The electricity distribution companies (DisCos) have demanded a cost recovery framework before making investments in power distribution.
Speaking at a seminar for the preparation of performance improvement plans (PIP) by DisCos, Azu Obiaya, chief executive officer of the Association of Nigerian Electricity Distributors (ANED), said the framework is necessary to align the sector towards commercial viability and sustainability.
The Nigerian Electricity Regulatory Commission (NERC) had directed DisCos to submit their PIP to pave way for a major tariff review by January 2020.
Also, the Transmission Company of Nigeria (TCN) had asked the federal government and investors in DisCos to raise $4.3 billion to recapitalise the firms and improve their services.
“We are gathered here today for the culmination of a process that was triggered by the Performance Improvement Plan (PIP) requirement of the Federal Government’s Power Sector Recovery Program (PSRP),” Obiaya said.
“The information that will be provided to you today is information that, we hope, will robustly guide the activities that will result in the required PIP/Performance Agreement outcomes of improved service delivery, ATC&C loss reduction, increased connections, improved energy delivery, etc.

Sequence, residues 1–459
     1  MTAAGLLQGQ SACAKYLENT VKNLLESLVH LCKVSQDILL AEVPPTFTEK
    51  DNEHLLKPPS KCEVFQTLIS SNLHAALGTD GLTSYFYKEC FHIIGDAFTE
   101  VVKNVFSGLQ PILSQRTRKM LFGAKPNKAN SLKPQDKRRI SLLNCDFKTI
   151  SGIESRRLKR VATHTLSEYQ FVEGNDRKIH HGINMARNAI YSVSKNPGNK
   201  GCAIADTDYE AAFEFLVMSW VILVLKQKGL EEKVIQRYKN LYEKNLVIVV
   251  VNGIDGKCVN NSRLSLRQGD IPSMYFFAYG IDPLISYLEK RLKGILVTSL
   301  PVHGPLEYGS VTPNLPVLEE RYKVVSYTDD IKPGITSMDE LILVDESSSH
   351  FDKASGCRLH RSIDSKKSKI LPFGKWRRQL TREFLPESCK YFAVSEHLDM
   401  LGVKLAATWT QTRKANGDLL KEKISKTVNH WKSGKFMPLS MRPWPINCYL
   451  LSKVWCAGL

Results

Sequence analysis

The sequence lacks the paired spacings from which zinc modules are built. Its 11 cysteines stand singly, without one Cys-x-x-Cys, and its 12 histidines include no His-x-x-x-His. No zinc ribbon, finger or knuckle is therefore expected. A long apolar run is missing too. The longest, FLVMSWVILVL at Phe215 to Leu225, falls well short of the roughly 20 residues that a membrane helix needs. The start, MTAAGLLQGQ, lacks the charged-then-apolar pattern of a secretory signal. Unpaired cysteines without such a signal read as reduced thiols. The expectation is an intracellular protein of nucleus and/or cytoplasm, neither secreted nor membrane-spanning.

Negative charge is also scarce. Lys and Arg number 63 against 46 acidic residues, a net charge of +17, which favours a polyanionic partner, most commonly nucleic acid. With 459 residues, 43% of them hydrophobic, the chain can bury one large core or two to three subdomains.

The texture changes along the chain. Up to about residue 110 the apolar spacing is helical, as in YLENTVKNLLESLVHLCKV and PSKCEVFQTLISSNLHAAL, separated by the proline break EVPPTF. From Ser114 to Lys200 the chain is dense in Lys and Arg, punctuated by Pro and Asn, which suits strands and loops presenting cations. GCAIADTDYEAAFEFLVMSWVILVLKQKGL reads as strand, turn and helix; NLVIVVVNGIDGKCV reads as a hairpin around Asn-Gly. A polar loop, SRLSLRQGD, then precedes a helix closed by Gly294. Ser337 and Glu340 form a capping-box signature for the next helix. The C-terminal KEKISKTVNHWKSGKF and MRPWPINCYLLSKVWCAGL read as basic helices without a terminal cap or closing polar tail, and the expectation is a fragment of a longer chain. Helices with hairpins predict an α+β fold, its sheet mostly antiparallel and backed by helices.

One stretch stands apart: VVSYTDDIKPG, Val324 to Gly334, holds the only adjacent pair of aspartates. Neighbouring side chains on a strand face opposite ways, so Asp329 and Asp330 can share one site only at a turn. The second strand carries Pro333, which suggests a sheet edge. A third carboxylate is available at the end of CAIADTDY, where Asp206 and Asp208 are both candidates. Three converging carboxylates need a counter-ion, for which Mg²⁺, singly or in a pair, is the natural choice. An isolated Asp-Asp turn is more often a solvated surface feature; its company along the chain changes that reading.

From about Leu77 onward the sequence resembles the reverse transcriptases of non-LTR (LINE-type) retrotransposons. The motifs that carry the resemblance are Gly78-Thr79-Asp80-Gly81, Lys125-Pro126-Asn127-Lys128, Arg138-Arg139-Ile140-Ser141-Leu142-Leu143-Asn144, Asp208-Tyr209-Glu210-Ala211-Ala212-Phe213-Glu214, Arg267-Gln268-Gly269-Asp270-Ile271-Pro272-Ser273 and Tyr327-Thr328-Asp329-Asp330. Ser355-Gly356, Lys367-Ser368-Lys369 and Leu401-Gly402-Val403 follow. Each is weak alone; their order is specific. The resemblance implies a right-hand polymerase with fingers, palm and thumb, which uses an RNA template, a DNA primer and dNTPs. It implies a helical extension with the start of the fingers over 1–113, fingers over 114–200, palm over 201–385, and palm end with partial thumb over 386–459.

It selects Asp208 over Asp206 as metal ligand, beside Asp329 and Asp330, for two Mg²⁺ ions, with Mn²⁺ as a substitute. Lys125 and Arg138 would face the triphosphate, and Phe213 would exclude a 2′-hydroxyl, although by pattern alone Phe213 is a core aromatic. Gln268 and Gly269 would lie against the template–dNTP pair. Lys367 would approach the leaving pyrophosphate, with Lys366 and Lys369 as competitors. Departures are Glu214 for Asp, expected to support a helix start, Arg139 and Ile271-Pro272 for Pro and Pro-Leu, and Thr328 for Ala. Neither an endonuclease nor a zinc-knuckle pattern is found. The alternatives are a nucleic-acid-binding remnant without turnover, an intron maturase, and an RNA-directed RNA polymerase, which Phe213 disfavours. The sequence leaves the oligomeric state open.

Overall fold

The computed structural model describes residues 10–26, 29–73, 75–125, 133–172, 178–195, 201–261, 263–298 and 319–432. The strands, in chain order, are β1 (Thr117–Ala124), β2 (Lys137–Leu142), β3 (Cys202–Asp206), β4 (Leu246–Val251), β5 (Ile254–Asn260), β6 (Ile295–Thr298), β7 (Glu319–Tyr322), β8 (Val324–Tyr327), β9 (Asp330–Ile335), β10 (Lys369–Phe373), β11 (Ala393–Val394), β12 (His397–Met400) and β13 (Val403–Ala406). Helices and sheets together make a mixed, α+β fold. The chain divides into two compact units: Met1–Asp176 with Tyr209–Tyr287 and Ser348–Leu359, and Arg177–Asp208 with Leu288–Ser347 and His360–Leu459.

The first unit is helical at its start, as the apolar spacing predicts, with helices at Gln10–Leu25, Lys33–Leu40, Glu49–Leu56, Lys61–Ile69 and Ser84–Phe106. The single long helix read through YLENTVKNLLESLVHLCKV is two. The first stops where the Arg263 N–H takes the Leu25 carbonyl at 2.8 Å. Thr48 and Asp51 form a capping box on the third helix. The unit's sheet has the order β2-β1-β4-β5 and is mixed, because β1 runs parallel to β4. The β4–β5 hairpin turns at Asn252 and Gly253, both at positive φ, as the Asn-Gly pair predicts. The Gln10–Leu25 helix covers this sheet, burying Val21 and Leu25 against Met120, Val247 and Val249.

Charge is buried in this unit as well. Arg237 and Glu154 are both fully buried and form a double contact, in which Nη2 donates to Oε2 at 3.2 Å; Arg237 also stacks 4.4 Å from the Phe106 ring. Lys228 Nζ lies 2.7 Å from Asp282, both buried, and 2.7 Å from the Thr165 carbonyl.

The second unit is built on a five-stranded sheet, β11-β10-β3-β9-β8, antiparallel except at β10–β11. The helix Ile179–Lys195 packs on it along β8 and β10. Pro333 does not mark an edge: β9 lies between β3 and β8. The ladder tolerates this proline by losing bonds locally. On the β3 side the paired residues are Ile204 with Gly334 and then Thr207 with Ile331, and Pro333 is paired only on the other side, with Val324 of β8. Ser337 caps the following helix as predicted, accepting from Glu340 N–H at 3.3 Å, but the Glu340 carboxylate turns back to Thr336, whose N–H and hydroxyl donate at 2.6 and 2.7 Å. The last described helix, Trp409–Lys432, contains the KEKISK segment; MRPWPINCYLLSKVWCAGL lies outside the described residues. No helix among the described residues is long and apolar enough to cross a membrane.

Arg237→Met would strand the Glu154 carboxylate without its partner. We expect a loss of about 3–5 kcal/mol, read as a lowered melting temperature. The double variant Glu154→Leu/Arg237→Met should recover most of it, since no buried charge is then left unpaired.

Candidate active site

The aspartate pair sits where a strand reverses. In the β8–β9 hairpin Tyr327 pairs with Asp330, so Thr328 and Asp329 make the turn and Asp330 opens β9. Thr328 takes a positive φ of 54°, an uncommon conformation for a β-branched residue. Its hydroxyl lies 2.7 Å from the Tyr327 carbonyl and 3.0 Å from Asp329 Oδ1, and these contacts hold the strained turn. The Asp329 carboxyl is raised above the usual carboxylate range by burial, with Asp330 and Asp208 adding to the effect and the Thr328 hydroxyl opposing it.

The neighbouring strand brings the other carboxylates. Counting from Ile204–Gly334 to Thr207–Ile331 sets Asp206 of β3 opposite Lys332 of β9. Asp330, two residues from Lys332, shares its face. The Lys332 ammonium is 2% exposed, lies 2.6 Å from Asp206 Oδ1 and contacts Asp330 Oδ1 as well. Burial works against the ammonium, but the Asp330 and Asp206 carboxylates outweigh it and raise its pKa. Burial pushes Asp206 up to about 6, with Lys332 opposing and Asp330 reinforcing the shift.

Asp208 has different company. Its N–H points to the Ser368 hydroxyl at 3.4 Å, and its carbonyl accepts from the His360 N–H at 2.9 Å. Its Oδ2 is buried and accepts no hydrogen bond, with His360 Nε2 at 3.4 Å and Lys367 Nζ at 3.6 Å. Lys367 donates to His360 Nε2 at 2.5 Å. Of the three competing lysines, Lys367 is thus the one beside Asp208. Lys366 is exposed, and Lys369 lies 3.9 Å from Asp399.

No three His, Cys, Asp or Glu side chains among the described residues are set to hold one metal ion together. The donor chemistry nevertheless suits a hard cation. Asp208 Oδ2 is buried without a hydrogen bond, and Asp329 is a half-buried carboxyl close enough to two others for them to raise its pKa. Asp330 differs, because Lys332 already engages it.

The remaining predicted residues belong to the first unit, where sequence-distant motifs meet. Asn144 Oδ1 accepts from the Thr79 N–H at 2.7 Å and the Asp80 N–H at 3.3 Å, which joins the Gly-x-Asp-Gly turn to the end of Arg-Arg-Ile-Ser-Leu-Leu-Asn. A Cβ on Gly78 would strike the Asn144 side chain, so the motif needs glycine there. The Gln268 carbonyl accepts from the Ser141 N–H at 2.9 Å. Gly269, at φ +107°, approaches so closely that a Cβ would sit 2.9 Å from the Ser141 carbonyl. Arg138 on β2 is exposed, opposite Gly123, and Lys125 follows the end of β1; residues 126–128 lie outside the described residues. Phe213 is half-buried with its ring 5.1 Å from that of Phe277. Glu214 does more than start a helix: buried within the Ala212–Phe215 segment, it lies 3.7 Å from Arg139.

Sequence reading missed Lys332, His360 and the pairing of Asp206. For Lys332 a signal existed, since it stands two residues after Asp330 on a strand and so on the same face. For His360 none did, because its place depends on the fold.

“This information includes analysis of data from the sector, international best practices, experiences of DisCo implementation of some aspects of PIP, proposed market strategies, etc.
“Recently, there has been a drumbeat for recapitalization of the DisCos. There are two principal approaches to recapitalization – one we won’t mention today and the other is investment. For the latter to occur, rational investors would need to see a pathway of recovery of their investment for them to make the leap.
“It is my hope that the PIP guidelines, if implemented faithfully, efficiently and consistently, will provide this pathway, as necessary to re-orient the sector towards commercial viability and sustainability.”
The distribution subsector has been identified as the weakest link in the power sector, with little or no investment over the years.